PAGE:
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Flybrid's latest 600-series flywheel energy recovery family of modules is described as "compact and cost-effective" (image: Flybrid).

Using power dense flywheel hybrid technology to cut fuel consumption of OH equipment

Flywheel hybrid system developer Flybrid is creating a family of flywheel modules designed to enhance productivity and cut operating costs of off-highway vehicles and construction equipment. Designed to supplement the main powertrain, the modules can be connected hydraulically, mechanically or electrically.

Flybrid, part of the Torotrak Group, has developed its KERS (Kinetic Energy Recovery System) for applications ranging from F1 race cars to buses. But now it is widening its technology spectrum.

Richard Dunne, Flybrid’s Business Development Manager, said: “Flywheels are an incredibly power-dense method of storing and releasing energy and a flywheel hybrid is a compact and cost-effective way to hybridize a machine.”

The initial new family of flywheel modules is designated 600 Series and spans an energy storage range from 150kJ to 600kJ, with the first production example, the H-380, able to store up to 380kJ and integrate with a machine’s hydraulic system. It would be suitable for excavators weighing 20 to 45 tonnes, for example, or wheeled loads in the 75 kW to 225 kW power range.

Dunne explained that the H-380 system harvests both kinetic and potential energy that would otherwise be wasted during the machine’s operating cycle and releases it at the required power during the next cycle: “Examples include raising and lowering the boom of an excavator or the mast on a reach stacker; slewing on an excavator or shuttling between forward and reverse with a loader. It delivers up to 210 kW of additional power to the machine to significantly improve productivity.”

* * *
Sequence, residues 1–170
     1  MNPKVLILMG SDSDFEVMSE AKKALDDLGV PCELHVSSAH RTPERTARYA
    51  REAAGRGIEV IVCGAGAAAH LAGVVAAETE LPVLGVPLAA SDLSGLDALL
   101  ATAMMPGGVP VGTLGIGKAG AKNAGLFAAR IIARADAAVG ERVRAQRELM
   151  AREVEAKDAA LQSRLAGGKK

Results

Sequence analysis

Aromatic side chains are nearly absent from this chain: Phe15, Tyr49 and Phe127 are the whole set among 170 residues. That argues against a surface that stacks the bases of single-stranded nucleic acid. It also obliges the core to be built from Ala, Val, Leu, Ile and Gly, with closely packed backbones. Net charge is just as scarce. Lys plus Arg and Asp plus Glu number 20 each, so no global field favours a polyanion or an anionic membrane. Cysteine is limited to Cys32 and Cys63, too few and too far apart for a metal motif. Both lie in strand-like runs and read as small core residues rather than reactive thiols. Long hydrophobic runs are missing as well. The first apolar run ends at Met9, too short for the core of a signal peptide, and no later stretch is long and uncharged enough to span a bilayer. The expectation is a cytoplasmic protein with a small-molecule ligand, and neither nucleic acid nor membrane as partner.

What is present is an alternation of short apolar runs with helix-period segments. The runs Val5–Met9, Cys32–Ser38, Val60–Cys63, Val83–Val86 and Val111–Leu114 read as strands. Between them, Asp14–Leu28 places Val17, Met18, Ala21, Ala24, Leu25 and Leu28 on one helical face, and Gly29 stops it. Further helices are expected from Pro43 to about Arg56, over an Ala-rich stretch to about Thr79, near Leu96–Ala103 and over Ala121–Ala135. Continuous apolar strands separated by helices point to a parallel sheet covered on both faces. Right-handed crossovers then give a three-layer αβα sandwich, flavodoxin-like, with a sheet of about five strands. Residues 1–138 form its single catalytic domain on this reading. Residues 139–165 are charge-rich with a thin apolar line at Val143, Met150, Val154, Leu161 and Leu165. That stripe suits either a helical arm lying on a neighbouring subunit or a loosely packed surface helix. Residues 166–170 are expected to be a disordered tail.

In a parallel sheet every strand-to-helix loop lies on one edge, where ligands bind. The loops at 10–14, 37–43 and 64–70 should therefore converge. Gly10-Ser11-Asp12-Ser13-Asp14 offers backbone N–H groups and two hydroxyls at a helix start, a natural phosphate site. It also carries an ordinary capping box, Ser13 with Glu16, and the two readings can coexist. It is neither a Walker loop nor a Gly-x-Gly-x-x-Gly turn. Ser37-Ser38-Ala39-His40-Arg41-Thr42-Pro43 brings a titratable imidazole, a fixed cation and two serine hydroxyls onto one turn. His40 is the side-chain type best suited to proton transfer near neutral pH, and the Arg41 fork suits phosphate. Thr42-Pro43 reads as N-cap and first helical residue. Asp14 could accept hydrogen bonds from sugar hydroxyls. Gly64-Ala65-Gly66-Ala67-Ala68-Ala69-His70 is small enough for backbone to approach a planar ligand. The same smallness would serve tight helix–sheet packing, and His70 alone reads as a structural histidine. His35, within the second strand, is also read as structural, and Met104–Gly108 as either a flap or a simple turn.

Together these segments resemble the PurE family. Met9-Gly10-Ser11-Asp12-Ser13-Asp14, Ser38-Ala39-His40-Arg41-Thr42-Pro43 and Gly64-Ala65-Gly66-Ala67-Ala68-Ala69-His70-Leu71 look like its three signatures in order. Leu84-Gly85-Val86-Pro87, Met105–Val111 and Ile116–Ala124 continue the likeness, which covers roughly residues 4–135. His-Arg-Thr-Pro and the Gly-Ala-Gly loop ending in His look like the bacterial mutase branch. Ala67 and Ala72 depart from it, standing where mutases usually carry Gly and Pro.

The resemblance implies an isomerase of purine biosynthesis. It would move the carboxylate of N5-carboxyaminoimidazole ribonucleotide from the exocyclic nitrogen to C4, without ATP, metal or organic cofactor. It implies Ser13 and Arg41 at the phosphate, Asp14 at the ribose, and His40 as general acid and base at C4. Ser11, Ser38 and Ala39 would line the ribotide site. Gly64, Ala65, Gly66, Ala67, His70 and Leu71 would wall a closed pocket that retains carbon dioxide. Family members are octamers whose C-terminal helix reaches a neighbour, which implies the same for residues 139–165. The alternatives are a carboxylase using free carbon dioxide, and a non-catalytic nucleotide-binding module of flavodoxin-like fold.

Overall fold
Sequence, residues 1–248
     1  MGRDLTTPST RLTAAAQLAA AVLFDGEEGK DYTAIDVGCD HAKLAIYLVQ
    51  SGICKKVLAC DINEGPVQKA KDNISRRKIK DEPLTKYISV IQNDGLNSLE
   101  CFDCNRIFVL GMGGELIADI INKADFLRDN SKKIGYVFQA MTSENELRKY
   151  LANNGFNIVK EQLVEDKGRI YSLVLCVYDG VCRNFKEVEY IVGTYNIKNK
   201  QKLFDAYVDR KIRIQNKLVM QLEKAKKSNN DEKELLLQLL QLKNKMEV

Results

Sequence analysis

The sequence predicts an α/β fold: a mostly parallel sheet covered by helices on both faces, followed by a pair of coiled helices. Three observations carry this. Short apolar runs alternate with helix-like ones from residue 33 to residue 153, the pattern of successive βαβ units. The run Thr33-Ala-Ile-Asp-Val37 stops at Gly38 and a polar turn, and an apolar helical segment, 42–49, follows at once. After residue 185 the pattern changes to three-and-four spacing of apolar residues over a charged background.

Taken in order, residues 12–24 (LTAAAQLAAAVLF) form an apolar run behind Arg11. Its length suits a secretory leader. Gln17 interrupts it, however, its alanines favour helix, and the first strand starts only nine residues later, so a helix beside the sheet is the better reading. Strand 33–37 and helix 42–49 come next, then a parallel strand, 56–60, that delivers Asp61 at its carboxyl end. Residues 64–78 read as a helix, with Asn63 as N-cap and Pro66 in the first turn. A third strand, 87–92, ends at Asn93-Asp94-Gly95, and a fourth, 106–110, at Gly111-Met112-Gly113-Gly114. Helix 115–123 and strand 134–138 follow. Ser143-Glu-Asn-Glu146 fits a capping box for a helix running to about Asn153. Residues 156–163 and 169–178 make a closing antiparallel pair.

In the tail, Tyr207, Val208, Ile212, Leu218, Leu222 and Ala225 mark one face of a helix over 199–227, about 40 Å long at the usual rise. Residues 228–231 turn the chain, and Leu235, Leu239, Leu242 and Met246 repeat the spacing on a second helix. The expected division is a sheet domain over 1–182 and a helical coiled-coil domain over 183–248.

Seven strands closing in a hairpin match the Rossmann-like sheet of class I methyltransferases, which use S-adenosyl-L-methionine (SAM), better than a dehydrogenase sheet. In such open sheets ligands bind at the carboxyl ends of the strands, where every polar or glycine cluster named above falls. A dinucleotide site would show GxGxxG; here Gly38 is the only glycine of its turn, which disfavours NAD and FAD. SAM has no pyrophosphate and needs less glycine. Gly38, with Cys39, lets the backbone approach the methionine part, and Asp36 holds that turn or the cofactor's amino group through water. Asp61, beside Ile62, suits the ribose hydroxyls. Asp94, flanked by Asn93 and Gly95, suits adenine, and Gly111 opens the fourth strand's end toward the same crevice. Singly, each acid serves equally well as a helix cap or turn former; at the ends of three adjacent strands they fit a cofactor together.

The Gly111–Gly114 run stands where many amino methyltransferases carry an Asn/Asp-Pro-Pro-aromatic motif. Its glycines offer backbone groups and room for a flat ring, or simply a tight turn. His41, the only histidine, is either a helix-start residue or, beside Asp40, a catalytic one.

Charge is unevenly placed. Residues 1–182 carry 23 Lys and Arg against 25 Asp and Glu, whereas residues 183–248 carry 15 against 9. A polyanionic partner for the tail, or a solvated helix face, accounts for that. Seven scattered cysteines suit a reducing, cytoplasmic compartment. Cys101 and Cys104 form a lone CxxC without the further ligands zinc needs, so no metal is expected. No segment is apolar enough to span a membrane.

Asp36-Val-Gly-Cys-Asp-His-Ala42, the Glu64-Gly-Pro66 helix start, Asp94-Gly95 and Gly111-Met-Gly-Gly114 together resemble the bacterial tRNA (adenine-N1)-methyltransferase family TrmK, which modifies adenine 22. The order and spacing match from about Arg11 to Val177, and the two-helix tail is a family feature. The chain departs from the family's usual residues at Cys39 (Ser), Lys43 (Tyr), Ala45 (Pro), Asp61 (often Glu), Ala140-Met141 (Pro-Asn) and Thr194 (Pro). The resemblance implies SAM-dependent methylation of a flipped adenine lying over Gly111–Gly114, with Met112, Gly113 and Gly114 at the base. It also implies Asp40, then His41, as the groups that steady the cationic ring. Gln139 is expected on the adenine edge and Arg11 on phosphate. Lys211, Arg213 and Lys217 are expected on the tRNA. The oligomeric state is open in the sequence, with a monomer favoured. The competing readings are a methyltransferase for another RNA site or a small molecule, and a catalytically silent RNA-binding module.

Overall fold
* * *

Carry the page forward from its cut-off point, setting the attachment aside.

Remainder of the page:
He sayid that Flybrid demonstrated the system in a vehicle program using its 210-kW flywheel hybrid in a typical sub-130 kW (engine power), 22 tonne excavator.

Meaningful consumption reductions, rigorous validation

Previous Flybrid customer applications have demonstrated a fuel-consumption reduction of 15% when used to recover energy in a mobile machine—and typical fuel-consumption reduction in load-leveling applications is 30%, added Dunne.

In the example of an excavator, boom lowering is typically controlled by throttling the return of flow from the boom cylinder, wasting the available energy by turning it to heat.

When a hydraulically-connected Flybrid system is added to the excavator, this flow is diverted to a variable-displacement pump, which in turn charges the flywheel. Due to the variable control of the pump, the flywheel can be charged regardless of the available pressure level or the state-of-charge of the flywheel (unlike an accumulator), explained Dunne: “To release the energy when raising the boom, fluid is returned from the flywheel-driven pump by controlling the pump swash exactly at the pressure demanded. Again, the pressure that can be supplied is independent of the energy remaining in the flywheel.”